Tuesday, April 17, 2012

How NOT to make liquid soap

I've been refilling liquid soap bottles for a few years now, with a method I'll describe at the end of this post. Recently, however, I heard an "eco-minute" tip on Seattle's AM 1090 which recommended taking the slivers of bath soap, adding them to an empty liquid soap bottle along with a few marbles, and filling the bottle with hot water. Shake the bottle well, and let it sit for a few days, and voila! Liquid soap.

Always looking for new ideas, I tried it. The soap created was gelatinous and difficult to pump out of the bottle, and after about a month, the pumps on all three liquid soap bottles in my house (in 1.5 baths and a kitchen) stopped working.

OK, so back to my old method! First, I use my bath soap slivers until they're gone, by rubbing them into a washcloth. So I don't really need to use them to create liquid soap; they won't go to waste in my house.

Second, here is what I do to make liquid soap. I buy foaming liquid soap dispensers, which reduce the amount of soap you use by mixing soap, water and air to create foaming bubbles. (I've just purchased 3 new bottles to replace the now useless ones! I bought Kiss My Face peace soap, made from Castile soap; an 8-oz bottle costs $2.99 at Grocery Outlet)

When the bottles are empty, I refill them with the following mixture. I buy a 24-oz. bottle of Earth Friendly Dishmate natural dish liquid at Grocery Outlet for $2.49. I use dish soap instead of liquid soap because it's very difficult to find natural liquid soap in bulk quantities. (The exception is Dr. Bonner's Castile Soap, which you can buy by the gallon. However, a gallon costs about $45).

I empty my 24-oz dish liquid into an empty gallon-sized SoftSoap refill bottle, and then fill it with warm water. Here's the secret of foaming liquid soap: the ratio of soap to water is 1:4, which makes it much more cost-effective than using a regular liquid soap dispenser. So by filling a gallon (128 oz) refill bottle with water, I achieve close to that 1:4 ratio (24:96, or 120 ounces total).

I gently shake the bottle to mix the dish soap and water and let it sit. I have found that pre-mixing the soap and letting it sit for a while produces better suds than mixing the soap and water in one of the smaller dispensers just before use. When my small dispensers are empty, I give the big bottle a gentle shake, and then refill them. I can refill three liquid soap bottles for about a year with this mixture for only $2.49, along with the initial purchase of the foaming pump dispensers.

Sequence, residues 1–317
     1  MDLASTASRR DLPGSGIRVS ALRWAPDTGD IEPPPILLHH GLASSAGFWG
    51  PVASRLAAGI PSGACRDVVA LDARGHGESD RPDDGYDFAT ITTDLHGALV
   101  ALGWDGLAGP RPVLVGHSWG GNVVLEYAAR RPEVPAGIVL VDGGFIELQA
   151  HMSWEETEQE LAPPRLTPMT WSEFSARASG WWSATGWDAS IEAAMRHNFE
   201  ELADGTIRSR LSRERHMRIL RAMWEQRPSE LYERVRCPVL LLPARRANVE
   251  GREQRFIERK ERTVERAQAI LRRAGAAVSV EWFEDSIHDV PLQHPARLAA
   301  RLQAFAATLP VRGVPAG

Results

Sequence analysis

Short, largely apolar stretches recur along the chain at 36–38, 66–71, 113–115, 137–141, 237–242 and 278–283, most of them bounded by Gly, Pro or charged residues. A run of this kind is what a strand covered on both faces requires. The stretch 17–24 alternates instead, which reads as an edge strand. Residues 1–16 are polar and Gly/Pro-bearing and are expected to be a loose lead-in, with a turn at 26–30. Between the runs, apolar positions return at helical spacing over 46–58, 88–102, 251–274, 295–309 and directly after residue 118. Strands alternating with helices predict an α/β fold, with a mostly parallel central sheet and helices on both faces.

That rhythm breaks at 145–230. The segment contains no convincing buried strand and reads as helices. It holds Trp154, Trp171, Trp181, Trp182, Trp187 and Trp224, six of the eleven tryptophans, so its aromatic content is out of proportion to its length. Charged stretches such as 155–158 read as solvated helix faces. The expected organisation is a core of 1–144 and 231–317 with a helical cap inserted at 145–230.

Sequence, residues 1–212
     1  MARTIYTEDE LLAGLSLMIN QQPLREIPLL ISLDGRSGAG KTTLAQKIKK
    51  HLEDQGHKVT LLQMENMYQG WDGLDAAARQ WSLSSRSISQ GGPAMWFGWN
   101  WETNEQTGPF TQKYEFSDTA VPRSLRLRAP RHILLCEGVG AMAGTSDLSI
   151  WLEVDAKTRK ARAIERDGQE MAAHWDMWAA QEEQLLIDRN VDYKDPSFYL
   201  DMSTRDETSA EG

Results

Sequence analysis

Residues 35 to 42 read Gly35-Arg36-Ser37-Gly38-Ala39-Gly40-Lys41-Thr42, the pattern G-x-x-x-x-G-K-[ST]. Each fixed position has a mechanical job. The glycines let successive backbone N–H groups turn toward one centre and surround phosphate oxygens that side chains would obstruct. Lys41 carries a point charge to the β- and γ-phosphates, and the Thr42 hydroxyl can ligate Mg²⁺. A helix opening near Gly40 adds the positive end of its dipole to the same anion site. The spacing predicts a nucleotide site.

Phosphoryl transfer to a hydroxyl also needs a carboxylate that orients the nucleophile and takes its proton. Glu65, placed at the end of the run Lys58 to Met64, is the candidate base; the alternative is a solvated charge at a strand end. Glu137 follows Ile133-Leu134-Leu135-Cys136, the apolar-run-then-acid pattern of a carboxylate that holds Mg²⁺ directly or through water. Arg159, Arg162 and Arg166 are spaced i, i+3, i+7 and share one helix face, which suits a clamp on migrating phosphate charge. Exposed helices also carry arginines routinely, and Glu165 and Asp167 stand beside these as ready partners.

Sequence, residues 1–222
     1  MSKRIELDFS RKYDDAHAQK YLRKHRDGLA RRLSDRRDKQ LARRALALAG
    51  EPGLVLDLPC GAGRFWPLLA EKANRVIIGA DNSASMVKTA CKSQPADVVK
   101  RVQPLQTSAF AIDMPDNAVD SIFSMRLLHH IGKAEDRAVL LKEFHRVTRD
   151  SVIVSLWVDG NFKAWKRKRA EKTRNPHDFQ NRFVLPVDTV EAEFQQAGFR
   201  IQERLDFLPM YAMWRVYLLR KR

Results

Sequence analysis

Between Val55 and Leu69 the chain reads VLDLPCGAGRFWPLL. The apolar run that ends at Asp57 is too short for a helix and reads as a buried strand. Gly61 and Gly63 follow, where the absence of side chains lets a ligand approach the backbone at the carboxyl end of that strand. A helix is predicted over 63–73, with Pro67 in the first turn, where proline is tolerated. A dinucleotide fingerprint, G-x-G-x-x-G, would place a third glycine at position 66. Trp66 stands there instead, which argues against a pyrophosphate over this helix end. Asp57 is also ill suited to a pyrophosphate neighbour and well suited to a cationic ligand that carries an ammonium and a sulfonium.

6 comments:

  1. You're a marvel! All right, I'm trying this. I already use natural dish soap in all our soap dispensers (have for years, because I didn't want the antibacterial yuckiness), but I love the idea of using less of it per wash. Thanks for explaining it so thoroughly!

    ReplyDelete
  2. we do something similar to what you do except that I spent the money on the foaming pump from Pampered Chef (around $10 but it lasts for YEARS) and use our chemical free body wash from EcoStoreUSA for the soap.

    ReplyDelete
  3. Hi,I've read a few things on this site and I really do think that it has helped tremendously. There's still a heap I need to learn thus can continue learning and can keep coming back.
    Thanks.
    liquid soap dispenser

    ReplyDelete
  4. This comment has been removed by the author.

    ReplyDelete
  5. I recently came across your blog and have been reading along. I thought I would leave my first comment. I don't know what to say except that I have enjoyed reading. Nice blog. I will keep visiting this blog very often.
    Australian Natural Soap

    ReplyDelete
  6. I really enjoyed reading this post, big fan. Keep up the good work andplease tell me when can you publish more articles or where can I read more on the subject?
    Australian Natural Soap Natural Handmade Soap

    ReplyDelete